Surrendered

Last week, Minister of Justice Rob Nicholson ordered the surrender of Hassan Diab to the Republic of France. As readers of these pages will know, Mr. Diab is a Canadian citizen whose extradition is being sought in connection with a bombing in Paris in October, 1980. We’ve been following his extradition proceedings because of concerns that if delivered to France, Mr. Diab may face trial based on evidence potentially derived from torture, given France’s documented history of using torture evidence in anti-terrorism investigations and trials.

Extradition in Canada is a two-step process. First, an extradition judge must issue an order for committal based on a “Record of the Case” provided by the requesting state, which sets out the case and evidence against the accused. After an order for committal has been entered, the Minister of Justice then decides whether it is appropriate to surrender the accused to the requesting state.

Last June, a court in Ontario issued a committal order for Mr. Diab’s extradition. In September, the BCCLA wrote to the Minister of Justice, urging him to ensure that Canadian citizens are protected against foreign prosecutions relying on evidence derived from torture. In our view, there were only two ways Canada could properly protect its citizens in such circumstances: first, to refuse the surrender altogether, or second, to only surrender subject to strict conditions that the accused would not be tried based on evidence potentially derived from torture.

Minister Nicholson, however, has decided to surrender Mr. Diab without conditions. With respect to the concerns raised about France’s reliance on unsourced intelligence, the Minister acknowledges that:

I am mindful that under Canadian law, our courts have identified serious concerns with the admission of intelligence evidence to detain and prosecute individuals, including with respect to the person’s ability to challenge the reliability and veracity of this type of unsourced information. Our courts have found that the admission of such evidence would, in Canada’s adversarial system of justice, render a trial unfair.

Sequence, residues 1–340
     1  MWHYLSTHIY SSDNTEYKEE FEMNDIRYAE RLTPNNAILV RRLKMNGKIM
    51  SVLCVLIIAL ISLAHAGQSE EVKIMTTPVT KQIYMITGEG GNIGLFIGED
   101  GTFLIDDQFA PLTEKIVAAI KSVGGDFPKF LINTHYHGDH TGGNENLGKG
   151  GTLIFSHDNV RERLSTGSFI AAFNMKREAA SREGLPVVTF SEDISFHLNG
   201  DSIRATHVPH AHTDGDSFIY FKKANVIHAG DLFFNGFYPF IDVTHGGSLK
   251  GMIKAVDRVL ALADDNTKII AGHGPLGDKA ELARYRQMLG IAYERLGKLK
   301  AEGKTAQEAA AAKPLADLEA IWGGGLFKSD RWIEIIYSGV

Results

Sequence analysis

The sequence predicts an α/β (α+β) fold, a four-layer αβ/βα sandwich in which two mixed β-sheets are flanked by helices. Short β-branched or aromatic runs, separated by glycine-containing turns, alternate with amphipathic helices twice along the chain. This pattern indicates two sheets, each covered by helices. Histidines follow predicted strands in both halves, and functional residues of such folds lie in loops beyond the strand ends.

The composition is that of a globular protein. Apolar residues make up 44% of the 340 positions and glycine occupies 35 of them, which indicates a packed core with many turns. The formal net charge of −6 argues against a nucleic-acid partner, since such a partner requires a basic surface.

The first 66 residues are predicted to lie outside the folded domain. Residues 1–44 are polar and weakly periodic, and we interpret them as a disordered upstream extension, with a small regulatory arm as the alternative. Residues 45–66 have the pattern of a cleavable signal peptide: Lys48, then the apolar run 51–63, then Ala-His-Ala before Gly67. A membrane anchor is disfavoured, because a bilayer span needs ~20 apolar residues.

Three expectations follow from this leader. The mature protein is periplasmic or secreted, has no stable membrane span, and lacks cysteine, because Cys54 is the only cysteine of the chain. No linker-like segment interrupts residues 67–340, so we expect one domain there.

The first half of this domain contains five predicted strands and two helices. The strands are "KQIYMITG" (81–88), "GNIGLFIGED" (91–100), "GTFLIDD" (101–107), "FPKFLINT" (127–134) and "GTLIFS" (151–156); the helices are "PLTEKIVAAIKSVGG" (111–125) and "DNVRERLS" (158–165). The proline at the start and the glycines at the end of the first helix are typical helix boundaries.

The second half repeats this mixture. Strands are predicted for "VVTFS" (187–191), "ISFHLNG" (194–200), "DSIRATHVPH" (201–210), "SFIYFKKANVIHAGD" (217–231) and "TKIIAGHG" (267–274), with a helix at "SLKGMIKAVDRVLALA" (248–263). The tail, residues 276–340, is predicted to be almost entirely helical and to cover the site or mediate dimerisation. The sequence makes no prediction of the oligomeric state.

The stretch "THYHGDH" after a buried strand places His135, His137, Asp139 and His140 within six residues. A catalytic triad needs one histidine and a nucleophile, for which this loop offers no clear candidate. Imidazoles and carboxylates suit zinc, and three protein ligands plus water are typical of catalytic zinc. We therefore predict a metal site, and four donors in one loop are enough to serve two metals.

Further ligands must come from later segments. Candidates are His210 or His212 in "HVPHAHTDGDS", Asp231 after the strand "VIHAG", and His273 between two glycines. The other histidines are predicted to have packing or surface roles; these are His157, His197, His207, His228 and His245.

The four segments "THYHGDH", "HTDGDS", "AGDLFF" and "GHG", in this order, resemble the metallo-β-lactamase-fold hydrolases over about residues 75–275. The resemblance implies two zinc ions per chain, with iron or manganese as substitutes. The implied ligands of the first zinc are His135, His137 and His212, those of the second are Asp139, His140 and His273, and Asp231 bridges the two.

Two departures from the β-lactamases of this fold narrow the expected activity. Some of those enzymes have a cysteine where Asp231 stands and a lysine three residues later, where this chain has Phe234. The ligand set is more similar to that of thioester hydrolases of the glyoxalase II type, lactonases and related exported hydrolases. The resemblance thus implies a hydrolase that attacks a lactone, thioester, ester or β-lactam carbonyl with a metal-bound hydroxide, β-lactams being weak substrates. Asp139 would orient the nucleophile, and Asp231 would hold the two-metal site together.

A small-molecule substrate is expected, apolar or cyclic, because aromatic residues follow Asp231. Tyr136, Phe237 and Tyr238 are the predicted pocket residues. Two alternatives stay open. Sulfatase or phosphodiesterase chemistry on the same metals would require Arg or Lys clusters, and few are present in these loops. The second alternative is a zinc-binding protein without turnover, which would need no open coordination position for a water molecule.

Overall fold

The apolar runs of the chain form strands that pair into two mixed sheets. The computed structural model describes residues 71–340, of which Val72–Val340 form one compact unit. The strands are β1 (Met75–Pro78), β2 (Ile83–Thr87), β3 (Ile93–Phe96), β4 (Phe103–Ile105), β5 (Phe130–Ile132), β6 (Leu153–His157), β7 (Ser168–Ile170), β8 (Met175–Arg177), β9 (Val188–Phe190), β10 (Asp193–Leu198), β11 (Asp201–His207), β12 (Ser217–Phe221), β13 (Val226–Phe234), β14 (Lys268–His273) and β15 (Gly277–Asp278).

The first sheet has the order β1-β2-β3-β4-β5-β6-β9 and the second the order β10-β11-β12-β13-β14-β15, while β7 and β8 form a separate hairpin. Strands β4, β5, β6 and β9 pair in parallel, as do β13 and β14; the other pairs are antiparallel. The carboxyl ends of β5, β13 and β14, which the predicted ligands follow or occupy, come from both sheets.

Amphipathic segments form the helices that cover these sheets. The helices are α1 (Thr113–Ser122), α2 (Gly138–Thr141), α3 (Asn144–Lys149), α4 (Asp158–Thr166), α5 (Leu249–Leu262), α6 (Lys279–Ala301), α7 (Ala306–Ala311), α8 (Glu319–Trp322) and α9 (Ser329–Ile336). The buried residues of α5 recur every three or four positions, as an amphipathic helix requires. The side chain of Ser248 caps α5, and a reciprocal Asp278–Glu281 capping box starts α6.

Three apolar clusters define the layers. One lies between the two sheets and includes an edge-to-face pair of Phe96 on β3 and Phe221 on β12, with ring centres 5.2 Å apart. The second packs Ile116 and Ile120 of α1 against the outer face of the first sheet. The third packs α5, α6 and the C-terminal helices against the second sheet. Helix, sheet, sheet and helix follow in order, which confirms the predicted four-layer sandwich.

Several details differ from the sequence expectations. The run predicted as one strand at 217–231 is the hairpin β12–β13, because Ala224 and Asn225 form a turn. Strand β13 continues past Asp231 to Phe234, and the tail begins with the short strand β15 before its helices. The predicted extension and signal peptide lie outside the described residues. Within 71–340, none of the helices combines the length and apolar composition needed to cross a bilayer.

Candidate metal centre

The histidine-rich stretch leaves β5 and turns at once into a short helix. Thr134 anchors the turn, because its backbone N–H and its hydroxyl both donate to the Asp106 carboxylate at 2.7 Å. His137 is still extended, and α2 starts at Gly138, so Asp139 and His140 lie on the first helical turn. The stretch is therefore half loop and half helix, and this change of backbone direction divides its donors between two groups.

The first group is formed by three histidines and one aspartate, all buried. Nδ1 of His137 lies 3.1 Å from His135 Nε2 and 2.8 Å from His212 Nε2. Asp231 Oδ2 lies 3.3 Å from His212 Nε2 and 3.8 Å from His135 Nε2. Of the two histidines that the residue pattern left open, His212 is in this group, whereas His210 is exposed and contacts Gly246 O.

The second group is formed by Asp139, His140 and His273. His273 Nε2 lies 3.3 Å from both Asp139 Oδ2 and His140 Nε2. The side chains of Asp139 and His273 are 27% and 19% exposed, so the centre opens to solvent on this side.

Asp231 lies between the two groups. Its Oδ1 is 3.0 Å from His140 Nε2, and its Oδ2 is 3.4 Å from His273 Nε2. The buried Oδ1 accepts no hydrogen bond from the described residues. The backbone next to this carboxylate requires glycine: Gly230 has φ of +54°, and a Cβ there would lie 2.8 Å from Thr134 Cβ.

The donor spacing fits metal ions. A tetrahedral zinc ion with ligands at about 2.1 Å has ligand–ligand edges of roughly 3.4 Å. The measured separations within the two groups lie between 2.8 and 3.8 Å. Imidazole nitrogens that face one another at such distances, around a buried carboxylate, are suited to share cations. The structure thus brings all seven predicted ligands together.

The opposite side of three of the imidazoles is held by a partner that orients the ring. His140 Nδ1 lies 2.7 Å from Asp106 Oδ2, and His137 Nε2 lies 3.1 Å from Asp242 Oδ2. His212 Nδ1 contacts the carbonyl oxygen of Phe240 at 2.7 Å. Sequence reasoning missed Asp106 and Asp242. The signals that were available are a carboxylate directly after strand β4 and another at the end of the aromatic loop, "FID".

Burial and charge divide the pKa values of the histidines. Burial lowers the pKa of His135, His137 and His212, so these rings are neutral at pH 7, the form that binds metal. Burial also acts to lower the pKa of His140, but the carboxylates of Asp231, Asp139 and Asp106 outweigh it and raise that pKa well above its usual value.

Nonetheless, he argues that:

… Mr. Diab will have recourse to the European Court of Human Rights (ECHR), to which France is subject, to bring any claim that his fair trial rights have been infringed by France. As well, France is a party to the UNCAT [UN Convention Against Torture] and is under the same obligations as Canada to ensure that torture-derived evidence is “not invoked as evidence in any proceedings.” In addition, France has made a declaration under Article 22 that they agree to allow individual complaints to the Committee Against Torture, which monitors the implementation of the UNCAT by States Parties.

And with respect to concerns over France’s use of evidence derived from torture, the Minister states:

Mr. Diab is not being surrendered to a country that condones the use of torture-derived evidence or that is known to use evidence that is the product of torture in its criminal proceedings. … [W]hile France’s legal system is different from that which operates in Canada, it is nevertheless one that comports with our overall concepts of justice and the duty to uphold constitutional standards, including with respect to banning the use of torture-derived evidence to detain and try accused persons.

But this assertion runs contrary to what Human Rights Watch has repeatedly documented: the use of “foreign torture material” by the French judiciary, “both in the investigative phase and at trial.” And while the Minister attempts to draw a distinction between extraditing Mr. Diab to France as opposed to Egypt or Jordan, for example, by citing France’s status as a state party to the Convention Against Torture, it is important to remember that Egypt and Jordan are also parties to the Convention. When it comes to whether a country is truly respecting the anti-torture principle, it simply isn’t enough to point to the fact that it is a signatory to the Convention Against Torture.

Moreover, it appears that as far as the Minister is concerned, if Mr. Diab has a problem with the French relying on evidence derived from torture, then Mr. Diab can take it up with the United Nations and the ECHR, and seek remedies against France directly. But this approach flatly ignores the threshold question: why surrender Mr. Diab to trial by an unfair system to begin with?

The Minister’s reasons for surrender run to roughly 32 pages, but the clear theme running through them is this: Mr. Diab’s concerns about the fairness of the proceedings in France and the prosecution against him can be explained by the fact that France and Canada have different judicial systems, but “principles of comity and good faith” dictate that Canada must “assume” that France will treat Mr. Diab fairly, “even if the evidentiary and procedural requirements under which he would be tried are at variance with our own.”

But such a position is untenable where, as here, there are documented reports of France’s willingness to use evidence derived from torture, in direct contravention of the exclusionary rule. And principles of comity and good faith — while important in international relations and in matters of diplomacy — must give way where, as here, rights violations would result. In this case, Canada’s priority must be the protection of its citizens.

Reports are that Mr. Diab plans to appeal the Minister’s decision, possibly all the way to the Supreme Court of Canada. He already has an appeal underway of the extradition judge’s committal order. We’ll keep you posted as this case continues to develop.



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